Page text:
If the Frame Fits...
subject to debate by Katha Pollitt [from The Nation magazine, July 11, 2005 issue]
In the wake of the 2004 election, Democrats have embarked on an orgy of what the linguist George Lakoff calls "reframing"--repositioning their policies linguistically to give them mass moral appeal. Prime candidate for a values makeover? Abortion, of course.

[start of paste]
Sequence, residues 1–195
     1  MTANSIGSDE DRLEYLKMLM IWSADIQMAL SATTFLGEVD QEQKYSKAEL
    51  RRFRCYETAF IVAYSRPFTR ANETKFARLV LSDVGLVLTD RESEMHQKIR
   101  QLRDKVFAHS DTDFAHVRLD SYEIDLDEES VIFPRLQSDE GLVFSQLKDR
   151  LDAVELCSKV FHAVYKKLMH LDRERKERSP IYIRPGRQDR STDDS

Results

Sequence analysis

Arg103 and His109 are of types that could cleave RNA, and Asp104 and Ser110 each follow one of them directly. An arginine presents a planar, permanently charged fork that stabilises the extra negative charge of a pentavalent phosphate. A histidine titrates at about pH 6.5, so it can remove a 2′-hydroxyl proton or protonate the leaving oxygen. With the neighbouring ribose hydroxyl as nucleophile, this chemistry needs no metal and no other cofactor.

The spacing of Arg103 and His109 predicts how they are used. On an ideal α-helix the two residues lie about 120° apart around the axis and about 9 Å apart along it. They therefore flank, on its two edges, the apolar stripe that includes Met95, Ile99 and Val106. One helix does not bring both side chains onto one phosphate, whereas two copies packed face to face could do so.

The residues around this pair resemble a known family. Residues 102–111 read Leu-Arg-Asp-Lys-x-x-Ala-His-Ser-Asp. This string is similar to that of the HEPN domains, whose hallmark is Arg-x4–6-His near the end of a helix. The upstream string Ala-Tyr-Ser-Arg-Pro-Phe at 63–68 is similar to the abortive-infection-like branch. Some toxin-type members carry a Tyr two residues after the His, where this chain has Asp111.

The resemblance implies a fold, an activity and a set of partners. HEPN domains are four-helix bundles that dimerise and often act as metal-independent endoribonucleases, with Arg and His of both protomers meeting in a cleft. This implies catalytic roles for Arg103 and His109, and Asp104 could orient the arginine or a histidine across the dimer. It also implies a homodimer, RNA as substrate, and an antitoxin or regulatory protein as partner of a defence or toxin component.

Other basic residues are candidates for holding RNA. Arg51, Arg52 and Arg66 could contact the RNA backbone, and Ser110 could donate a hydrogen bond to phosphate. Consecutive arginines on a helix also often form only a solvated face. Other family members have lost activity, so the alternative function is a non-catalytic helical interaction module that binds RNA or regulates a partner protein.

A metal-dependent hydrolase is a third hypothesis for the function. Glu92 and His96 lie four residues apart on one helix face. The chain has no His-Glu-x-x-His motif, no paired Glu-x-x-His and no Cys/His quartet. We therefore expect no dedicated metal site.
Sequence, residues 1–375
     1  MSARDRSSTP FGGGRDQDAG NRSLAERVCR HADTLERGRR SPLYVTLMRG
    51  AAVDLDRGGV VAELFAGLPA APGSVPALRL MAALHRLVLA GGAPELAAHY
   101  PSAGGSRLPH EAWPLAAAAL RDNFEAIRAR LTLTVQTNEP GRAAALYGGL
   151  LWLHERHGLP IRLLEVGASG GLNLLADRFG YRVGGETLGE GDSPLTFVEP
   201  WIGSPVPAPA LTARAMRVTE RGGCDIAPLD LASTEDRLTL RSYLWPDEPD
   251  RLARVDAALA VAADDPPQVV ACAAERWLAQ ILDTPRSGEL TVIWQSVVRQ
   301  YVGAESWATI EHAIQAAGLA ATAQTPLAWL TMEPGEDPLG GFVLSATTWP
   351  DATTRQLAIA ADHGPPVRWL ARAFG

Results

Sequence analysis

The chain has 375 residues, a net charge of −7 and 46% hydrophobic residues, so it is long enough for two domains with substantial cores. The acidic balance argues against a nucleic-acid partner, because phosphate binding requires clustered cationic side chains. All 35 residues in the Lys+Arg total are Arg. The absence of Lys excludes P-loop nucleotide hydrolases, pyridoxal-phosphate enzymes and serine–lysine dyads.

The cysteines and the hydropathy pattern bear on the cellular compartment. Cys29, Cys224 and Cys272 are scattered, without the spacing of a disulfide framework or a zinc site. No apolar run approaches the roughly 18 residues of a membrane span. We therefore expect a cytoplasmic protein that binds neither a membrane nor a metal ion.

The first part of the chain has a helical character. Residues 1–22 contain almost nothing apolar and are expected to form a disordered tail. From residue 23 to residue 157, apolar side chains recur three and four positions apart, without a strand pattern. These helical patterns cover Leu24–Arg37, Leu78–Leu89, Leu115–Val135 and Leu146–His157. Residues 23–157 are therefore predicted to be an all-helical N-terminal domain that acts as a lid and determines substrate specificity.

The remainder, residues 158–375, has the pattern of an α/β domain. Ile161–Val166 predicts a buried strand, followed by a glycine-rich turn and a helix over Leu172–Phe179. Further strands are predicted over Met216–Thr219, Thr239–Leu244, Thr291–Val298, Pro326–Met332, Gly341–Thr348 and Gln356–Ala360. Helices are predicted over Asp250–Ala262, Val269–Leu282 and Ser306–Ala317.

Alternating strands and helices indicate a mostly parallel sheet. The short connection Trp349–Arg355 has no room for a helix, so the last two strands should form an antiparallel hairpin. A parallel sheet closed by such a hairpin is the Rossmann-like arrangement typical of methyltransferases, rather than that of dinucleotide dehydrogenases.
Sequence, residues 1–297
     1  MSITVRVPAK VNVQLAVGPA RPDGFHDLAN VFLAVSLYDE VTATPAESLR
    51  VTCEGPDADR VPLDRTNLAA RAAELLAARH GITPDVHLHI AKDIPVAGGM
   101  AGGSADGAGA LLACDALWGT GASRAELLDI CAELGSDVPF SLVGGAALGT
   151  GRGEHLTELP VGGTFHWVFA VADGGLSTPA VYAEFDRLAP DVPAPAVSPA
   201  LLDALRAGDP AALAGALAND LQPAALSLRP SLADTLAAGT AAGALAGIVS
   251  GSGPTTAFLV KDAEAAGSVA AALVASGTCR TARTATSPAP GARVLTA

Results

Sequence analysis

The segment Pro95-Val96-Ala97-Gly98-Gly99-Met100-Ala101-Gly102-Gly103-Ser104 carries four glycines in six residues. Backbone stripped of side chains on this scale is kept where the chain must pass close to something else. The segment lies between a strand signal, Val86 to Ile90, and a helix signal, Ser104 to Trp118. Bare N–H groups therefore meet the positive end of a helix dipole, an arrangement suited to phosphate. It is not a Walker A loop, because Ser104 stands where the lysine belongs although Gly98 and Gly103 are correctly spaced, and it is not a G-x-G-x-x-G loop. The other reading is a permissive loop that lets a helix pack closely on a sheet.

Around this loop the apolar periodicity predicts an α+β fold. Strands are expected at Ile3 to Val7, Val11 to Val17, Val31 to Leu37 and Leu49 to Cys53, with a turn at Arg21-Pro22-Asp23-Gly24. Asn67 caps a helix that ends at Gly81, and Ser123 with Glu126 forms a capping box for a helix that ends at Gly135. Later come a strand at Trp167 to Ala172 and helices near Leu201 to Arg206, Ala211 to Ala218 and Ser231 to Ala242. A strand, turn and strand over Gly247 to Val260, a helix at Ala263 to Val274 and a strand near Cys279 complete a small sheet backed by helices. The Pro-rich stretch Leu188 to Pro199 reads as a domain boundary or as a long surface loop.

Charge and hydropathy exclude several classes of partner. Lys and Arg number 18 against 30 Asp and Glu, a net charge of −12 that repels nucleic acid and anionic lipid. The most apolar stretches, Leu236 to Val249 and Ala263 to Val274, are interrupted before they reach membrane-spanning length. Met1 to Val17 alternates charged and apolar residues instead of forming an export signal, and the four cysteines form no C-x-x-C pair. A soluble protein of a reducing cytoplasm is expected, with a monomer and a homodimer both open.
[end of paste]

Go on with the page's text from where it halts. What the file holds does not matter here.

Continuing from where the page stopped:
It's as if the party, with its longstanding, if lukewarm, support for reproductive rights, were a family photo with Uncle Lou the molester right in the middle. Maybe if we cropped it to put him way off to the side? Or Photoshopped a big shadow onto his face? Or just decided to pretend he was nice Uncle Max? In "The Foreign Language of Choice," posted on AlterNet, Lakoff writes that he doesn't like "choice"--too consumerist. In fact, he doesn't even like "abortion"--too negative. He wants to "reparse" abortion in four ways. Dems should talk about it as an aspect of personal freedom from government interference, and as the regrettable outcome of right-wing opposition to sex ed and contraception. They should reclaim "life" by talking about the fact that "the United States has the highest rate of infant mortality in the industrialized world," thanks to poverty and lack of healthcare, which are the fault of conservatives, "who have been killing babies--real babies...[who] have been born and who people want and love" and damaging their health through anti-environmental policies that put toxins in mother's milk. Finally, they should talk about the thousands of women each year who become pregnant from rape: "Should the federal government force a woman to bear the child of her rapist?"